HONG KONG SECURITY: The president blasted regulations requiring Taiwanese agents or political organizations to provide information on their Hong Kong-related activities President Tsai Ing-wen (蔡英文) yesterday warned of countermeasures should controversial Chinese national security legislation imposed on Hong Kong undermine or harm Taiwanese interests. Article 43 of the legislation empowers the Hong Kong Special Administrative Region to serve written notices to Taiwanese political organizations or individual agents to furnish information on their Hong Kong-related activities, including their personal particulars, finances, assets, expenditure and capital in the territory. Failure to comply or providing false or incomplete information can result in a fine of HK$100,000 (US$12,903) or imprisonment of six months or two years respectively. Tsai said that Taiwan would keep a close watch on how
PROBE LAUNCHED: An officer who served as a supervisor in the drill died in an apparent suicide after the accident, which was caused by unexpected waves Two marines who were on Friday injured in a military exercise in the waters off Kaohsiung passed away yesterday, Navy Command said. The marines — surnamed Tsai (蔡), 26, and a sergeant surnamed Chen (陳), 36 — were in a seven-member Marine Corps team that encountered rough seas during a simulated response to enemy forces landing on Taiwan. Their rubber craft overturned in waters off Taoziyuan (桃子園) beach in Zuoying District (左營), injuring four of the marines. They were rushed to hospital, where three of them — Tsai, Chen and a 34-year-old sergeant — were taken to an intensive care unit
MORAL COURAGE: The Ministry of Foreign Affairs urged the global community to face China’s intention to subdue Taiwan and reject such irrational requests The Ministry of Foreign Affairs yesterday strongly condemned the Chinese government for meddling with US officials’ interactions with Taiwan after FBI Director Christopher Wray revealed China’s efforts to discourage US officials from visiting Taiwan. The greatest long-term threat to the US’ information security and intellectual property, as well as its economic vitality, is China’s counterintelligence and economic espionage operations, Wray told a video event at the Hudson Institute in Washington. Beijing is engaged in a highly sophisticated and maligning foreign influence campaign, with methods that include bribery, blackmail and covert deals, he said. Giving an example, Wray said that when a US official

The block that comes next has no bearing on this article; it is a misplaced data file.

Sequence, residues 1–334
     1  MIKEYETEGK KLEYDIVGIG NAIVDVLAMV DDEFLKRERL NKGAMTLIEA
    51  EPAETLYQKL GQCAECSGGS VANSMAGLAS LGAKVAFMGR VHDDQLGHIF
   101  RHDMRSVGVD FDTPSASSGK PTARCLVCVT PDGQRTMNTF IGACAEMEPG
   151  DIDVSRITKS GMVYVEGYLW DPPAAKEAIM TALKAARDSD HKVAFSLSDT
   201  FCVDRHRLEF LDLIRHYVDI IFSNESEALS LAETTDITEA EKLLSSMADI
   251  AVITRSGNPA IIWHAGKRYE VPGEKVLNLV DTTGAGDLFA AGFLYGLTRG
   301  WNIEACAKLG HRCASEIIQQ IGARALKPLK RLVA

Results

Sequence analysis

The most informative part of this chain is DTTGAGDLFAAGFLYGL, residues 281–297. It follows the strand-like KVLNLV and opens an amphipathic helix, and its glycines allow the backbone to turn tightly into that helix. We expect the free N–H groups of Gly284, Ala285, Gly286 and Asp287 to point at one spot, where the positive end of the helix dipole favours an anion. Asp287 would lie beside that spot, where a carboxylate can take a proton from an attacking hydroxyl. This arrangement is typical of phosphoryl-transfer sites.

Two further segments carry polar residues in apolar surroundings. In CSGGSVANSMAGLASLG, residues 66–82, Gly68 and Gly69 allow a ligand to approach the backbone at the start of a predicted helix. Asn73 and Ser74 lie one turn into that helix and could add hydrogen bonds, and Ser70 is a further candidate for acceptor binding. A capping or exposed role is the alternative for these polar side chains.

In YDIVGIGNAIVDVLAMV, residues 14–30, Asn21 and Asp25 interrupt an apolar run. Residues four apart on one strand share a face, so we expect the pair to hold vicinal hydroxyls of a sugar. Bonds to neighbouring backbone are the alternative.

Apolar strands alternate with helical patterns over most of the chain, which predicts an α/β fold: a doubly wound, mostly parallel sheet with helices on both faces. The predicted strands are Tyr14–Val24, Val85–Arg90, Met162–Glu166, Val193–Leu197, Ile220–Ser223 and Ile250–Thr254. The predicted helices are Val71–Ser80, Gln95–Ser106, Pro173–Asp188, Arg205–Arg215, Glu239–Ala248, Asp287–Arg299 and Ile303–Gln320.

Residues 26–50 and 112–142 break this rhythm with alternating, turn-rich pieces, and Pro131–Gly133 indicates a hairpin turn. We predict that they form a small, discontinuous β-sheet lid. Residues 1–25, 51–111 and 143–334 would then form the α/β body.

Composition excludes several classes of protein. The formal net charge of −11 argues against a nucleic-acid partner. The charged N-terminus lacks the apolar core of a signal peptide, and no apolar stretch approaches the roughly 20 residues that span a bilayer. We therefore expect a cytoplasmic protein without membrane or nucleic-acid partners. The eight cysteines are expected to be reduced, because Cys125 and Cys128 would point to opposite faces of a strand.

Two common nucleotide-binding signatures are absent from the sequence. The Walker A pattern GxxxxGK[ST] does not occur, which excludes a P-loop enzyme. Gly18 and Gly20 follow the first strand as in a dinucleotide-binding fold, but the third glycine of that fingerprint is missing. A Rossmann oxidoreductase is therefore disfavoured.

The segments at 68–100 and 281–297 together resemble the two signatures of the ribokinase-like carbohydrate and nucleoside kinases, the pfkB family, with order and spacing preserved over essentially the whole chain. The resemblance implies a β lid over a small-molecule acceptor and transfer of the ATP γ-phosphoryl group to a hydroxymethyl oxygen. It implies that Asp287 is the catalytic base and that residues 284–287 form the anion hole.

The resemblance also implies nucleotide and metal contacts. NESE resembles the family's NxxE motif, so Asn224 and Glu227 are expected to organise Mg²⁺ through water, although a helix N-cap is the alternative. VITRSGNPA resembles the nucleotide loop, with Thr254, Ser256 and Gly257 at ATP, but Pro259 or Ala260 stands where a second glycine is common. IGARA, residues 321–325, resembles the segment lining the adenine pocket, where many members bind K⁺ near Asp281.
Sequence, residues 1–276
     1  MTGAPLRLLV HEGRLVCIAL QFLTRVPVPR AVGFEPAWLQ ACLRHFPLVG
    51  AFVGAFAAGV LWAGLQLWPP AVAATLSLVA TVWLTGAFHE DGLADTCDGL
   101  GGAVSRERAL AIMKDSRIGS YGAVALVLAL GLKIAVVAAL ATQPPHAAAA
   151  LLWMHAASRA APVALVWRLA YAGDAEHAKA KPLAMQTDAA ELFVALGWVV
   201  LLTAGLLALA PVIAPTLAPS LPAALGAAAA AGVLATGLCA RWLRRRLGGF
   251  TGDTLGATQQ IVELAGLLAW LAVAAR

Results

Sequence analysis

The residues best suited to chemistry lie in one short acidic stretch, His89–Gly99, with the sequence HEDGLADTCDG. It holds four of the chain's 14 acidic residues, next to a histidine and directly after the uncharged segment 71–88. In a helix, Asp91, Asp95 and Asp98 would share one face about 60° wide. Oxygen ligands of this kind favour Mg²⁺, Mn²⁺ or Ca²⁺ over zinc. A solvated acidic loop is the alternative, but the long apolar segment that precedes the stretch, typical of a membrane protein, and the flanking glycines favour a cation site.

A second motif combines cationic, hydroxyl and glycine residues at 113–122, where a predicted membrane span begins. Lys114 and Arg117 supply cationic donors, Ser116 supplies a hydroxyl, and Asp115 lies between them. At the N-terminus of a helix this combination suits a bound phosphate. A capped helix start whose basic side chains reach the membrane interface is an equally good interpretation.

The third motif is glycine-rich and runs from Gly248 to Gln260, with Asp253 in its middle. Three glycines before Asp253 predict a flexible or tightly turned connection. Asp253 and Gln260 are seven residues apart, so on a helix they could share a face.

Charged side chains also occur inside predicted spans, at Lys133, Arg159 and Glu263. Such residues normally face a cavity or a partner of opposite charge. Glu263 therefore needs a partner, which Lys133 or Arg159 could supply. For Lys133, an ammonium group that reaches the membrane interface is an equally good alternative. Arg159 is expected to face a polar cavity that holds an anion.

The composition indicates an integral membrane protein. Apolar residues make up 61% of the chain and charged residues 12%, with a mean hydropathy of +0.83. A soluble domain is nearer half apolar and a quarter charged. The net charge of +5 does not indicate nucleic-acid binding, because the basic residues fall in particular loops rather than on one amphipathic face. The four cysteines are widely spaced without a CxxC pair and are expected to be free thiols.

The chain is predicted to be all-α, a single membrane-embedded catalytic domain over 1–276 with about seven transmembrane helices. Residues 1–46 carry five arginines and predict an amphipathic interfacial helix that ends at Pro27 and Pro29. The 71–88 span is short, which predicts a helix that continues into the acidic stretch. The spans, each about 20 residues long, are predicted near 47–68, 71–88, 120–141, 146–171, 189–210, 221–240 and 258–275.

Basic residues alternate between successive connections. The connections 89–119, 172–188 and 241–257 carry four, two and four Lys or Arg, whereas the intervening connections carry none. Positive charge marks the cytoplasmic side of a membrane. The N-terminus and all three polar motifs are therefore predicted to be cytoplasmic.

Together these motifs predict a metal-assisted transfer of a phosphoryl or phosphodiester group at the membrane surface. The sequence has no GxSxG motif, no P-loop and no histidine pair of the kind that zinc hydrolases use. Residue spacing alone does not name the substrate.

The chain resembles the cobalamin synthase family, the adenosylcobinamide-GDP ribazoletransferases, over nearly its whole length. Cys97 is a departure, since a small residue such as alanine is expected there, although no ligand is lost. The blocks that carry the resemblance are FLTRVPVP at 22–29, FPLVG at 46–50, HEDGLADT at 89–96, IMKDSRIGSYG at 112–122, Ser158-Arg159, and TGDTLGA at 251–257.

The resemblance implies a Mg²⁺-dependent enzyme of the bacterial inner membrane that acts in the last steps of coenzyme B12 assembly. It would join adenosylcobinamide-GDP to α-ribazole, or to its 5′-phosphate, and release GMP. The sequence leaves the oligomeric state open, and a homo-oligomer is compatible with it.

‘SIGNAL TO ALLIES’: The US Navy’s exercises are not in response to those carried out by China, the commander of the strike group led by the USS ‘Ronald Reagan’ said Two US aircraft carriers were yesterday conducting exercises in the disputed South China Sea, the US Navy said as China also carried out military drills that have been criticized by the US Department of Defense and neighboring states. China and the US have accused each other of stoking tension in the waterway at a time of strained relations over everything from COVID-19 to trade to Hong Kong. The USS Nimitz and USS Ronald Reagan were carrying out operations and exercises in the South China Sea “to support a free and open Indo-Pacific,” the navy said in a statement. It did not say exactly